Some MLB Metrics Contradict Narrative That Sport Is In Decline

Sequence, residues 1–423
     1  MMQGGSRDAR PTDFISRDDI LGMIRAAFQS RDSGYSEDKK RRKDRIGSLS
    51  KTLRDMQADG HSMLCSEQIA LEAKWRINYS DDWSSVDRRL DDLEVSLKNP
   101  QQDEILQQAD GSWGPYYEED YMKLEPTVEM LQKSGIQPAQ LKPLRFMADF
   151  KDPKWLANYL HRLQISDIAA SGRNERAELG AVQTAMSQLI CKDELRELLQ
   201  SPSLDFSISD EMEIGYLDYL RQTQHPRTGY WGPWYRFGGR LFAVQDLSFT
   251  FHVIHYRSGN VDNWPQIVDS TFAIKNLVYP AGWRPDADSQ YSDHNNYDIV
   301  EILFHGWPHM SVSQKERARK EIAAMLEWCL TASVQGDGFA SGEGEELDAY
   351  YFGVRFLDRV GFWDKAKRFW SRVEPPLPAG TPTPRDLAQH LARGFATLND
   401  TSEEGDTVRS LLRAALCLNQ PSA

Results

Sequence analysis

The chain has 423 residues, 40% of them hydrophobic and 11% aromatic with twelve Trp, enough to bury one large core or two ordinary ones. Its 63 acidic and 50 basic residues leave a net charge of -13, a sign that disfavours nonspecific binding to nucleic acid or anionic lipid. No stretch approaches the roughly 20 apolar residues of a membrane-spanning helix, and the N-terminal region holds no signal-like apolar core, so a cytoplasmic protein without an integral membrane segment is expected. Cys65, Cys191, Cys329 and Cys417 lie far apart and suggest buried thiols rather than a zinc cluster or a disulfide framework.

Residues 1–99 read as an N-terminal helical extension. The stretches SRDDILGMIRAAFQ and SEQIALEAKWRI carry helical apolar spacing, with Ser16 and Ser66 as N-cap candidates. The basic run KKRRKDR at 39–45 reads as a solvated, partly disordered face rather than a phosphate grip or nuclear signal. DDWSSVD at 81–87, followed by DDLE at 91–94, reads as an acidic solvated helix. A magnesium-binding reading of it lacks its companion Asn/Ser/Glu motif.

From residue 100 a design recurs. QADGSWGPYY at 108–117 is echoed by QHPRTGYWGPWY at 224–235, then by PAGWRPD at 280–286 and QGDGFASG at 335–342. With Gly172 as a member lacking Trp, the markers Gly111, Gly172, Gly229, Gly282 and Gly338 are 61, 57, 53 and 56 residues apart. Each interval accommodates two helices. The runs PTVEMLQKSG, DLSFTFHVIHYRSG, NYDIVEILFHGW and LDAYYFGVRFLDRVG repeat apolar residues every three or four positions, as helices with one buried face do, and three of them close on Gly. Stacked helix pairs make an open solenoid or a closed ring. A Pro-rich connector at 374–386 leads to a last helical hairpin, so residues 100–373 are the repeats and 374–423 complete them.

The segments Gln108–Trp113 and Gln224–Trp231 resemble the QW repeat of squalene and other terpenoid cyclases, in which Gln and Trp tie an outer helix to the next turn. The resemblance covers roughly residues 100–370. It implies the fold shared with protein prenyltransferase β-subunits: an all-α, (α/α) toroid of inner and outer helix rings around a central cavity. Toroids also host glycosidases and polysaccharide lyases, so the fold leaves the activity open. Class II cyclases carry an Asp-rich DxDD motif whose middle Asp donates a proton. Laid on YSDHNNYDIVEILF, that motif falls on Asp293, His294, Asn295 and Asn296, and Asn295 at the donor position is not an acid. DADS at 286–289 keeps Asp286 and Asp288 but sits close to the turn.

MLB and its fans have "raised alarms in recent years over a perceived decline" in popularity, but if viewed through the "lens of total tickets sold and local television ratings, a somewhat more optimistic picture emerges," according to Juliette Love of the N.Y. TIMES. MLB has "strong, local fan bases -- and a national following that could have a lot more room to grow." MLB "cashes in on its sheer volume of games, vastly outperforming the NFL and the NBA in ticket sales every year." A "major concern for baseball is the meager national profiles of its stars." An analysis of TV broadcasts by county "shows how widespread the broadcasts of the NFL and NBA stars are -- and how minimal they are for baseball's stars" like Angels CF Mike Trout. Further evidence of the "local nature of baseball's fandom can be seen in Google searches." Teams like the Tigers and Rockies have "very little following outside their areas." But local MLB broadcasts "are very popular." Twenty-four MLB teams "ranked first in their market" on TV in primetime. The local popularity of MLB "partially explains the poor World Series ratings in recent years," as after "following their home team for 162 games, fans may be unlikely to sit through a series between two teams they have rarely seen play" (N.Y. TIMES, 10/22).